Subsequently, in September of 2005, Kodak and Pentax executed an ImageLink Agreement which confirmed Pentax's participation in the ImageLink program. In the ImageLink Agreement, Pentax agreed to design, market, and sell digital cameras that could be connected to a Printer Dock. It was also given the option to sell Printer Docks. The ImageLink Agreement contained a section entitled "Intellectual Property." In this section, Kodak and Pentax agreed not to assert their patent rights against each other with respect to the production of certain ImageLink products. Specifically, Pentax agreed

[n]ot to assert any patent rights that it owns and/or has the right to sublicense against Kodak or another ImageLink licensee for Kodak or licensee's authorized implementation of the ImageLink Specifications and/or its manufacture, use, or sale, or distribution of ImageLink Products.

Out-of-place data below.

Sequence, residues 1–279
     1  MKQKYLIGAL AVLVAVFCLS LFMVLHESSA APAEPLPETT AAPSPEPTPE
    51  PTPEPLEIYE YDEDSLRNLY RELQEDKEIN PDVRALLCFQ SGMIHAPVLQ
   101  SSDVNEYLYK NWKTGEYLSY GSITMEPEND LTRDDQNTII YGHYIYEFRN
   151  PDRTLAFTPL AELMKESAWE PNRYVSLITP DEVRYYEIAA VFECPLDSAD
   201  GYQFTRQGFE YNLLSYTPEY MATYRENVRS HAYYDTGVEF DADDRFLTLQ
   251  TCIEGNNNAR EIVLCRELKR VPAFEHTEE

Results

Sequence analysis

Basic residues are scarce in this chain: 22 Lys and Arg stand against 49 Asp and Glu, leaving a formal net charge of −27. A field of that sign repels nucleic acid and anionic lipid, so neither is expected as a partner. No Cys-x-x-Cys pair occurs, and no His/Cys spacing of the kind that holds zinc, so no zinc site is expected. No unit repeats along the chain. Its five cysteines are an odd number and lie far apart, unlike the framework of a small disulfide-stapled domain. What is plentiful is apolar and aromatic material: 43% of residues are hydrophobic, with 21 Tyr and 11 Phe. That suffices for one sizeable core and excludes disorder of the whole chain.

In return, Kodak agreed

[n]ot to assert any patent rights that it owns and/or has the right to sublicense against Company for Company's authorized implementation of the ImageLink Specifications with respect to its manufacture, use, sale, or distribution of Compliant Printer Dock products.

The ImageLink Agreement expressly disclaimed any broad grant of patent licensing rights by Kodak to Pentax. The ImageLink Agreement warned that

[e]xcept as expressly granted herein, nothing is [sic] this Agreement shall be construed to grant or imply to grant any rights under any other Kodak patents including but not limited to those covering Consumer Digital Cameras or other digital camera products.

In a subsequent section entitled "No Implied Right" the ImageLink Agreement stated that